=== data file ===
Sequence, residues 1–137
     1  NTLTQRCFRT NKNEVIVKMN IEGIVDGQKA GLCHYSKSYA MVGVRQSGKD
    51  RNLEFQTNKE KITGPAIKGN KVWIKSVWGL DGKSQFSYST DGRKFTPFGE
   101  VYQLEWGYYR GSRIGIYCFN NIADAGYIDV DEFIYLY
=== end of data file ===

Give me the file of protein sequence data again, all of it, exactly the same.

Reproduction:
Sequence, residues 1–137
     1  NTLTQRCFRT NKNEVIVKMN IEGIVDGQKA GLCHYSKSYA MVGVRQSGKD
    51  RNLEFQTNKE KITGPAIKGN KVWIKSVWGL DGKSQFSYST DGRKFTPFGE
   101  VYQLEWGYYR GSRIGIYCFN NIADAGYIDV DEFIYLY